Finally I am getting around to blog about the latest generation of transistors that Intel presented earlier this months. These transistors reach feature sizes of only 22 nanometres, down from 32 nm. To give you some perspective what this amazingly high integration means: 4,000 of those 22 nm structures fit across the width of a human hair, or similarly, 100 million of these transistors fit on the head of a pin.
Now how did they reduce transistor length scales down by almost a third? Well, even though Intel (and others) is in the business of shrinking transistor for more than 40 years, this time it’s a bit more than a mere scaling exercise. For the first time we have a commercial 3D transistor design on such a scale. In a typical ‘field-effect’ transistor, two electrical contacts are used to run an electric current through a silicon layer. The transistor is switched between an electrically conducting and an insulating state by a gate on top of the silicon. The voltage applied to that gate determines whether current can flow or not. Thereby the gate is able to set the digital ’1′ and ’0′ in a transistor.
A problem in shrinking transistors has been the fact that those three electric contacts need a certain minimum space of their own. Furthermore, as the gate has become smaller and smaller, it has been increasingly inefficient to switch the electric current in the silicon layer underneath. For smaller gates the electric fields from the gate just don’t reach that far down into the silicon layer.
In the new design, which isn’t only pursued by Intel but also by others, engineers now have left the flat architecture and do what architects in cities around the world have done to make use of limited real state: go vertical. As you can see from the image on the right, now the gate doesn’t only contact from the top, but wraps around a thin ‘fin’ of silicon.
This design has several advantages. It not only takes up less space, but contacting the silicon channel from three sides also means that the transistors are faster to switch. The Intel transistors can be switched up to a hundred billion times a second. And finally, the electrical fields from the gate have a more immediate effect on the current through the fin. That means that the voltage that needs to be applied to the gate is much lower, which saves up to 50% in active power.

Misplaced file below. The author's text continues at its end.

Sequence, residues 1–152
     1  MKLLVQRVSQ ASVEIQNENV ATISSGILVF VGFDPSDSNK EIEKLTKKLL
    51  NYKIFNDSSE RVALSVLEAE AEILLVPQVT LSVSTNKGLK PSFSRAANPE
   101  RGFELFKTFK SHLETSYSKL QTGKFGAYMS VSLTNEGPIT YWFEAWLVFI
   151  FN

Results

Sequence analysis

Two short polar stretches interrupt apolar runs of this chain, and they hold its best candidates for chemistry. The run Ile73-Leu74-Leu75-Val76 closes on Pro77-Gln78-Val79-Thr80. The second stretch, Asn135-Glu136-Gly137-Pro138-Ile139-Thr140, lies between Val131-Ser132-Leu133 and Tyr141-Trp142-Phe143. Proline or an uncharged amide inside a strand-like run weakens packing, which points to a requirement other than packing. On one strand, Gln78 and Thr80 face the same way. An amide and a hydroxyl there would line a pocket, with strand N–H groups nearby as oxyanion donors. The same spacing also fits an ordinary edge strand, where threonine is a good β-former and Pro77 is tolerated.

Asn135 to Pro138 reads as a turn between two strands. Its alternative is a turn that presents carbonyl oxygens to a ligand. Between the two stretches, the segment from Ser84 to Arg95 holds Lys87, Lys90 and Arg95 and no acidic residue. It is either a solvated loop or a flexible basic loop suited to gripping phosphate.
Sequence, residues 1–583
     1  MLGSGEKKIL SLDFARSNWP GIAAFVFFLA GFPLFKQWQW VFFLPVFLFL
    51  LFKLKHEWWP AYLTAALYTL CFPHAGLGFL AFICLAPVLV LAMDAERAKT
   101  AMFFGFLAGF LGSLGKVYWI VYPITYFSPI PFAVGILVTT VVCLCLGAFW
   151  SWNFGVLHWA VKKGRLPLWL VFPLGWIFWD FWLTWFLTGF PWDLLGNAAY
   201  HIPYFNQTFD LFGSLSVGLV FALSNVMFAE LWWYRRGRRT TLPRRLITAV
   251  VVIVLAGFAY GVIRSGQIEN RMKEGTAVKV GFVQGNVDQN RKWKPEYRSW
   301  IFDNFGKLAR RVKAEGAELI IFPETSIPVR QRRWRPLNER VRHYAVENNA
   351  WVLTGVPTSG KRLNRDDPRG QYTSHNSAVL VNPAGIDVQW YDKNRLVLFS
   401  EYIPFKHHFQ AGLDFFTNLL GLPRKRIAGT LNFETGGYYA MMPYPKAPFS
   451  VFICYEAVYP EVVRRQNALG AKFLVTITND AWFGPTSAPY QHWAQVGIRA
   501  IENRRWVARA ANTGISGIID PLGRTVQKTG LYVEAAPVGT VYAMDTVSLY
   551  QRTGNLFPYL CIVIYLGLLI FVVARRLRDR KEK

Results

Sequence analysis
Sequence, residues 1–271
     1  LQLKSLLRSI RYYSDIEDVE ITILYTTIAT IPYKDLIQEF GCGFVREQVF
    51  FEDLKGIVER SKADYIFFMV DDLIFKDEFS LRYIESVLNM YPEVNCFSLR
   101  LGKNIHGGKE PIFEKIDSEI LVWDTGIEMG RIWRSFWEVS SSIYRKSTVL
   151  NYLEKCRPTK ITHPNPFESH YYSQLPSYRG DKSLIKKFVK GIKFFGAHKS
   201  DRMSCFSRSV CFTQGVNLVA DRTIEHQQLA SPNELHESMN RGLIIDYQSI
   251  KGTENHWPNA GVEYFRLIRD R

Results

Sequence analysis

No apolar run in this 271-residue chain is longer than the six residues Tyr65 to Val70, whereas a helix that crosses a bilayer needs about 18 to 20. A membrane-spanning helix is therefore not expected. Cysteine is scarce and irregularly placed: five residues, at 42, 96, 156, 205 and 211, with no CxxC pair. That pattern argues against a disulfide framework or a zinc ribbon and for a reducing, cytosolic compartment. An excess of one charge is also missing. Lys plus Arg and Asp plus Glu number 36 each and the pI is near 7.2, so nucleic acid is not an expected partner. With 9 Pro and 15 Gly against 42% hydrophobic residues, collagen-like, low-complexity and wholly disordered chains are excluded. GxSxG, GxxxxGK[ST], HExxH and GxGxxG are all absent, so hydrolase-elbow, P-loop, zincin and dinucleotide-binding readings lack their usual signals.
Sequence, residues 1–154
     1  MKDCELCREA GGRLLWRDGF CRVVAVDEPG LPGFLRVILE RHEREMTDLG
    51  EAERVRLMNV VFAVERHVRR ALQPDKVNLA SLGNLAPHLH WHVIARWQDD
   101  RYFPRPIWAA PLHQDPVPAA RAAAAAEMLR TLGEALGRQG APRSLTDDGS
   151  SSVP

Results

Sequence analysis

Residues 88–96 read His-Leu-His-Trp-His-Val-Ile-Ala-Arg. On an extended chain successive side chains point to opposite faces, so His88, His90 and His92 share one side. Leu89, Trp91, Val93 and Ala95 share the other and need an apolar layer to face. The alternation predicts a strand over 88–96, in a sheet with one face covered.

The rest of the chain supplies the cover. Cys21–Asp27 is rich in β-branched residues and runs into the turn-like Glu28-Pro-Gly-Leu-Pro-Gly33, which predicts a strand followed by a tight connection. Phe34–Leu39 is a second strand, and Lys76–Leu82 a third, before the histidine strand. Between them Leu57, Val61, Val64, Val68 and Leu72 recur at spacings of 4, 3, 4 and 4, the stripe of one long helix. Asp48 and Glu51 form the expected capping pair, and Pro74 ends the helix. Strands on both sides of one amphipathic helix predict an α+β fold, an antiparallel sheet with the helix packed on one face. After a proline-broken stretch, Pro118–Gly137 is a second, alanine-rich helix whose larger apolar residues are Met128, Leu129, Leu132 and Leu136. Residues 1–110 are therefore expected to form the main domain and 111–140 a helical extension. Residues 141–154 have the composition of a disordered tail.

The technology roadmap suggests a further reduction in size to 14 nm by 2013, and to 10 nm by 2015(!). And looking at the fin structures, it seems possibly to squeeze them further together, provided that the lithography processes used to make such structures can keep up.
So, the big question is, how are the alternatives to silicon transistors in light of this tough competition?
Well, there is a 2007 Nature paper by James Heath and colleagues from Caltech, that reports a device with a 1011 bits per square centimetre storage density based on crossing nanowires. These nanowires are 16 nm wide, and 33 nm spaced apart. That means storage densities seem still higher than the latest silicon transistors, but on the other hand this is unproven technology with quite a few errors across the chip, and limited life times.
And as for graphene? Looking on some of the fastest graphene devices made so far, well these have channel lengths of 140 nm, although I am sure this can be further reduced. The bond length between carbon atoms is 0.14 nanometers, so graphene could be scaled to similar sizes as those transistors. The only problem is that the edges of graphene at these length scales could mean a far more erratic behaviour in transistor operation, so I’d be hesitant to see the big potential yet.
Indeed, it seems that none of these technologies offers a compelling alternative to silicon so far. Of course, silicon has all the advantages of an entrenched technology. You can beat silicon only if you’re considerably ahead of the trend for silicon transistors, and offer a more cost-efficient solution. But seeing this latest progress in 3D transistor designs, the air is certainly getting thinner for the contenders for silicon’s crown. Perhaps it will still be possible to improve on silicon in terms of speed and power consumption, but it seems unlikely it will happen on size.
Disclaimer: I declare no competing financial interests (in particular, I don’t hold Intel stocks)
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Liao, L., Lin, Y., Bao, M., Cheng, R., Bai, J., Liu, Y., Qu, Y., Wang, K., Huang, Y., & Duan, X. (2010). High-speed graphene transistors with a self-aligned nanowire gate Nature, 467 (7313), 305-308 DOI: 10.1038/nature09405